Nicholas L. Brown remained primarily a bookseller for the rest of his life.  He married Anna Koren (1886-1961), another immigrant from Bialystock, in Brooklyn on 1 June 1910. They would have three children, Constance Ruth Brown (1914-1919), Daniel Coleman Brown (1921-1999), and Ruth N. Brown (1925-2005).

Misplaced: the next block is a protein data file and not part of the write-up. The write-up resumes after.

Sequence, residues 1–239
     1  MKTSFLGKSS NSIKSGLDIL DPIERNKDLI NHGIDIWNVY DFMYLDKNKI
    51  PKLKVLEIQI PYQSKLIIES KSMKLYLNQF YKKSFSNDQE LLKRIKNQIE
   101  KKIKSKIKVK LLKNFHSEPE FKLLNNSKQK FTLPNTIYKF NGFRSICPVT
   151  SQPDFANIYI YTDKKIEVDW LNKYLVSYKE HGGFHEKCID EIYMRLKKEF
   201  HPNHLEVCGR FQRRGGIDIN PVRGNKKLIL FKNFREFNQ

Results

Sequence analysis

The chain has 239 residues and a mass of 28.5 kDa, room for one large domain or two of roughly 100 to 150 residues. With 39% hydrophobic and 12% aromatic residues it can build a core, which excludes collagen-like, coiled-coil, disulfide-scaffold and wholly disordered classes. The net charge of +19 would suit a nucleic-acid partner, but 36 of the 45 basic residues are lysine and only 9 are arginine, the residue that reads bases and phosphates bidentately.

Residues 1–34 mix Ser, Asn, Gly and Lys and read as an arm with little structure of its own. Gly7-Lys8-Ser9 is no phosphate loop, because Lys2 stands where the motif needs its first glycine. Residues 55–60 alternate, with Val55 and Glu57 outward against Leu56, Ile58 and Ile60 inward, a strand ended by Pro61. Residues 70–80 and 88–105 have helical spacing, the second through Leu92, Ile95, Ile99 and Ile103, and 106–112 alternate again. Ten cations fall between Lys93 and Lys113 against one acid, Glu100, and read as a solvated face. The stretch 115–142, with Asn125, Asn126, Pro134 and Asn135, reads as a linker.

In the early teens, Brown began publishing books, as privately printed limited editions of what passed in those years as classical erotica. By 1916, he was publishing some books under his own name as publisher, first in Philadelphia, and after a move in 1918 in New York. His publishing list was never large, but included volumes of poetry, belles lettres, and translations. Brown published most of the output of Mitchell S. Buck, a Philadelphia heating engineer who translated classical erotica, and wrote modern works on classical themes. His volume Afterglow: Pastels of Greek Egypt 69 B.C. (1924) was published by Brown and includes a preface by Arthur Machen.  I have written more fully of Buck and his publications in an entry at Lesser-Known Writers. Brown also published in 1918 a reprint of Sonnets from the Pantagonian (originally 1914) by Philadelphian Donald Evans, and Precipitations (1920), a book of poems by the modernist Evelyn Scott (Scott would marry the British weird fiction writer John Metcalfe in 1930, after five years together as a couple). Other publications include a limited edition of Samuel Putnam's translation of Claude Farrère's Fumée d'opium, as Black Opium (1929), and the occult novel Souls in Hell (dated 1924, but published in December 1923), by John O'Neill, which sports a dust-wrapper blurb by Arthur Conan Doyle.